What was advertised in a colonial American newspaper 250 years ago today?
“We might go … to ANDREW DEXTER’S CHEAP STORE … and get every Thing we want at our own Price!”
As the summer of 1773 approached, Andrew Dexter experimented with a quirky advertisement in the May 17 edition of the Boston-Gazette. Though brief, his notice contained a message intended to arouse the curiosity of consumers and entice them to visit his shop. “What a needless Loss of Time and Labour it is,” Dexter proclaimed, “to go about Town, from North to South, cheapening of Goods, when we might go, with so little Trouble, to ANDREW DEXTER’S CHEAP STORE near the Mill-Bridge, and get every Thing we want at out our own Price!” A border composed of decorative type helped draw attention to this advertisement.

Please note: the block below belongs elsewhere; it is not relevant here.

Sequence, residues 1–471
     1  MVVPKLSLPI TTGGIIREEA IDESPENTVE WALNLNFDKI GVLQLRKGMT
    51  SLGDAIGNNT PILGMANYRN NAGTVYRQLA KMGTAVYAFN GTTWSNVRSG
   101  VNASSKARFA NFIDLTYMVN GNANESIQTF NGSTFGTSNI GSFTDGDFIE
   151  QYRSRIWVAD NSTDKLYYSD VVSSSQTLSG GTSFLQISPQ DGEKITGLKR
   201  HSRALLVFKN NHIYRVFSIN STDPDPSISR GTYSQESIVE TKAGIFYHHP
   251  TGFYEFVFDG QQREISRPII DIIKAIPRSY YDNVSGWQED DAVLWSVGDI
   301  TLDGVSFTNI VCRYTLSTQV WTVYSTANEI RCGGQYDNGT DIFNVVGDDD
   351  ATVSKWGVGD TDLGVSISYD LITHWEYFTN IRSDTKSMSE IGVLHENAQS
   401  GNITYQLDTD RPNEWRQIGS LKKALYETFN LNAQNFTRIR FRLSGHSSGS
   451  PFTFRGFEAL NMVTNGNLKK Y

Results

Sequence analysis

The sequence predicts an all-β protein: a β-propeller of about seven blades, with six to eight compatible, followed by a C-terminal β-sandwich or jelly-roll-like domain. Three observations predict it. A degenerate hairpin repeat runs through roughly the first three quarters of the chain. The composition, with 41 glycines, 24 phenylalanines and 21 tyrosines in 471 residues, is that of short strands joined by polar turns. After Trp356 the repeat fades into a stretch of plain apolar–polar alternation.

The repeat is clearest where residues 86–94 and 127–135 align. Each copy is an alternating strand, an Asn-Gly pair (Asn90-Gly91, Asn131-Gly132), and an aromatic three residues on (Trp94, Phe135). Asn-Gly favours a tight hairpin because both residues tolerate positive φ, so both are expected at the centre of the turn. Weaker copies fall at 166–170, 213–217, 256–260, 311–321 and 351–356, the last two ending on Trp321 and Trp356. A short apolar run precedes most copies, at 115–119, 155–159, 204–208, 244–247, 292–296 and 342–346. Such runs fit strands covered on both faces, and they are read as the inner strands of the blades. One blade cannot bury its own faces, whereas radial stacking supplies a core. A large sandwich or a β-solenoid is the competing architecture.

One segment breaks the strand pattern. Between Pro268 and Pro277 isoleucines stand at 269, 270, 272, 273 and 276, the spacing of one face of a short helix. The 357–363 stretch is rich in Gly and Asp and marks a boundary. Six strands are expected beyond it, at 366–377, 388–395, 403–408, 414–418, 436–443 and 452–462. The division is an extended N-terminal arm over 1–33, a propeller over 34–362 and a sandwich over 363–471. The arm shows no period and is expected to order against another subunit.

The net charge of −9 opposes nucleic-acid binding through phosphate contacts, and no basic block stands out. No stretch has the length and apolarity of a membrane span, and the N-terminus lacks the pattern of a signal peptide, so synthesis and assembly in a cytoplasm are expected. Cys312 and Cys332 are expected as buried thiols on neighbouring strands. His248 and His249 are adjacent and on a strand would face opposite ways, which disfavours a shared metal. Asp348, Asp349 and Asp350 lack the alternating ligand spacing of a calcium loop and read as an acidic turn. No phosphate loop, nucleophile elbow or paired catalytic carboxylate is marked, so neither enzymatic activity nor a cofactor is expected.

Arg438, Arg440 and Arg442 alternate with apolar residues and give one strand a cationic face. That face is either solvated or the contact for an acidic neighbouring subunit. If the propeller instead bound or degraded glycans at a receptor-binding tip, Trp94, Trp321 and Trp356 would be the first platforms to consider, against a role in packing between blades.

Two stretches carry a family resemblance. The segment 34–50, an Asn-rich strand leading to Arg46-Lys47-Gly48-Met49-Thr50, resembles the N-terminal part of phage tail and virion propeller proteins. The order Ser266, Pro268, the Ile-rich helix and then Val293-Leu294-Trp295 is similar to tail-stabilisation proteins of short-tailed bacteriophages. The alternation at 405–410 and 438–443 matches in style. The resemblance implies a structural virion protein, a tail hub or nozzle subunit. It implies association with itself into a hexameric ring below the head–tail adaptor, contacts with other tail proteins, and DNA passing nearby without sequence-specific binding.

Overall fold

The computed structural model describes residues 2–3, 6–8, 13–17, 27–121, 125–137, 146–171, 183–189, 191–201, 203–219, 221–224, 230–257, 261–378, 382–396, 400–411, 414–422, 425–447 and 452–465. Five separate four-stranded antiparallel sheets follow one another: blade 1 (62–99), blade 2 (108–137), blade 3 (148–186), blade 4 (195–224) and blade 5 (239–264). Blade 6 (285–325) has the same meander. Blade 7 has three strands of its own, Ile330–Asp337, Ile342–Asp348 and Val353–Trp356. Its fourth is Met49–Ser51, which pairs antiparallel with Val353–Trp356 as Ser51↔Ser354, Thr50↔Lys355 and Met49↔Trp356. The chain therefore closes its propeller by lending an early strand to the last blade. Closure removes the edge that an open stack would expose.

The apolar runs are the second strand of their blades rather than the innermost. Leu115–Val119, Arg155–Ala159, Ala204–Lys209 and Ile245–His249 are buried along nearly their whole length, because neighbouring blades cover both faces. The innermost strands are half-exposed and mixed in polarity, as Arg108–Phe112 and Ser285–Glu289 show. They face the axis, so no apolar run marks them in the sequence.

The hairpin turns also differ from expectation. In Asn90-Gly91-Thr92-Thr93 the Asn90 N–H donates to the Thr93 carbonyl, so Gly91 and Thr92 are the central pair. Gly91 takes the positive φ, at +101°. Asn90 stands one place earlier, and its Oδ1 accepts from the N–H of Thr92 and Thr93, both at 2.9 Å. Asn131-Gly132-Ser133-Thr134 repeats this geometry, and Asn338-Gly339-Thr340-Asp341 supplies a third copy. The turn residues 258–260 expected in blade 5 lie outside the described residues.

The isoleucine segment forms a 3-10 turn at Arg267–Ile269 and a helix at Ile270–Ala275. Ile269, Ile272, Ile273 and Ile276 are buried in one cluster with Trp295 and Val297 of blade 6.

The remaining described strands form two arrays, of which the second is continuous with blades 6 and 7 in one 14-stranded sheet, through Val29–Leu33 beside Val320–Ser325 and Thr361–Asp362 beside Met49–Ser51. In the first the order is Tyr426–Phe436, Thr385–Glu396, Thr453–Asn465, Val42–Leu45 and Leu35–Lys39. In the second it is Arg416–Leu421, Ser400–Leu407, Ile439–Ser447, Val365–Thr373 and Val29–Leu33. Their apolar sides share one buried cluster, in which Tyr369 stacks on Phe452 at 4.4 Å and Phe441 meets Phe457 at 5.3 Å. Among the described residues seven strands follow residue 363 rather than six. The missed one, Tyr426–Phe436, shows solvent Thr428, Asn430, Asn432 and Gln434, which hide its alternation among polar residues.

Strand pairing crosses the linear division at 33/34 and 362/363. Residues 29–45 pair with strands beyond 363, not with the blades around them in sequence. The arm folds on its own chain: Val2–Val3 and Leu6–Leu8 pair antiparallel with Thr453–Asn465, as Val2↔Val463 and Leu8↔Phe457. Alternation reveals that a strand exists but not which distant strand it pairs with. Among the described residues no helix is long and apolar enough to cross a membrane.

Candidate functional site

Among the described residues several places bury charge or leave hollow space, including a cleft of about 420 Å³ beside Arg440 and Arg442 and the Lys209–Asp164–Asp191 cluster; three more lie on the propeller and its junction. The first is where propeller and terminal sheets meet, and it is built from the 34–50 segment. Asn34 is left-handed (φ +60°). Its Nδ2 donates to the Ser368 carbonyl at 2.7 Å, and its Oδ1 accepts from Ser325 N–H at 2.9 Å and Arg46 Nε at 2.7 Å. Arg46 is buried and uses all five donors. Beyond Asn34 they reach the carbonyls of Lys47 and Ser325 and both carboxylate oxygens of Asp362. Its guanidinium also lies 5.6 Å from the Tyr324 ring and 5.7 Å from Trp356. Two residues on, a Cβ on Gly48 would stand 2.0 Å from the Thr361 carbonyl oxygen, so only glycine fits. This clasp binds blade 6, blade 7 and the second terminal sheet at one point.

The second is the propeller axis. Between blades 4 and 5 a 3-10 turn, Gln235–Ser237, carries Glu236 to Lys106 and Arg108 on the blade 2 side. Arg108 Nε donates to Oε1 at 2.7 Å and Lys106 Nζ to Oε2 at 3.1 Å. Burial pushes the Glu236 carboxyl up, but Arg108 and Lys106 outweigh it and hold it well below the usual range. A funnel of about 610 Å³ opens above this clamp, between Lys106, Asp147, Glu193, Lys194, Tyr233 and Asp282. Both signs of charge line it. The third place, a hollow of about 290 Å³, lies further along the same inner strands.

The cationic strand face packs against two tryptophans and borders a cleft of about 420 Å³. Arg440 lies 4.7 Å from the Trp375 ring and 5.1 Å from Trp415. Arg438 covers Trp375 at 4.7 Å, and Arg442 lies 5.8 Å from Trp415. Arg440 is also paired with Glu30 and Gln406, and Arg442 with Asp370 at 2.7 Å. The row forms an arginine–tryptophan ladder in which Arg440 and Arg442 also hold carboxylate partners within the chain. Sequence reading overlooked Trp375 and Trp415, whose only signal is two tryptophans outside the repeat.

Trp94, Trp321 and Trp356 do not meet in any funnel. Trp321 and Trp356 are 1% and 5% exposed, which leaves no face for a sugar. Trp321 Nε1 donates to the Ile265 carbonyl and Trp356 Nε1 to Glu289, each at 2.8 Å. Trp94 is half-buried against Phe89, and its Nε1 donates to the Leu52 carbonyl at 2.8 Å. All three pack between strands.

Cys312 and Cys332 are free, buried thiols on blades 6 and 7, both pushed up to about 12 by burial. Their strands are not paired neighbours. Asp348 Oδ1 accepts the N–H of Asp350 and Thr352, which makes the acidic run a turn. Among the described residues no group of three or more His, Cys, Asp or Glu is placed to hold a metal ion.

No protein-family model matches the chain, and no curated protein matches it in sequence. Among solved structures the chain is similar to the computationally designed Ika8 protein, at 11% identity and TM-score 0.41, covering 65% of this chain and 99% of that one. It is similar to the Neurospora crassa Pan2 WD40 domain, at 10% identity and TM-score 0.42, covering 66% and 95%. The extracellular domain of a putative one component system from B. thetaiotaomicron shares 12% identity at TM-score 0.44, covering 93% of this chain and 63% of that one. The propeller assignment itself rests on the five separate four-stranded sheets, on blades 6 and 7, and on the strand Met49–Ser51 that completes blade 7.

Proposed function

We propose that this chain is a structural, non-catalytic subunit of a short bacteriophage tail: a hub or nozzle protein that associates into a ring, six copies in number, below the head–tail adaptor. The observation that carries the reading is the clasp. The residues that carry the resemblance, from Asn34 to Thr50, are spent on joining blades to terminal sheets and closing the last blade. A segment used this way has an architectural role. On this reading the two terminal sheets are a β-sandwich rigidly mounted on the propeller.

Dexter encouraged consumers to dispense with haggling and comparison shopping, suggesting that they would not find any better bargains at other stores no matter how many they visited or how much time and energy they invested. His tone suggested sage advice delivered by an experienced shopper to prospective customers, advising that “we might go” to Dexter’s “CHEAP STORE.” Rather than thank his patrons as other advertisers often did in their notices, Dexter marketed his wares by assuming the voice of a satisfied customer speaking to other consumers. He likely intended that this shift in perspective would imbue the advice to go directly to his store to save time, effort, and money with greater authority. Other advertisers presented all kinds of choices to prospective customers and promised low prices for their wares, encouraging and playing on appetites to participate in the transatlantic consumer revolution. Dexter adopted a novel strategy with an approach that offered guidance for satisfying those appetites. Cleverly, he suggested that consumers exercised more power in his store than in any of the other shops “about Town” since they did not need to haggle or compare prices but instead “get every Thing we want at our own Price!” Dexter’s customers, the “satisfied customer” asserted, would not experience the frustrations and disappointments that they encountered elsewhere in their endeavors to get the deals they wanted.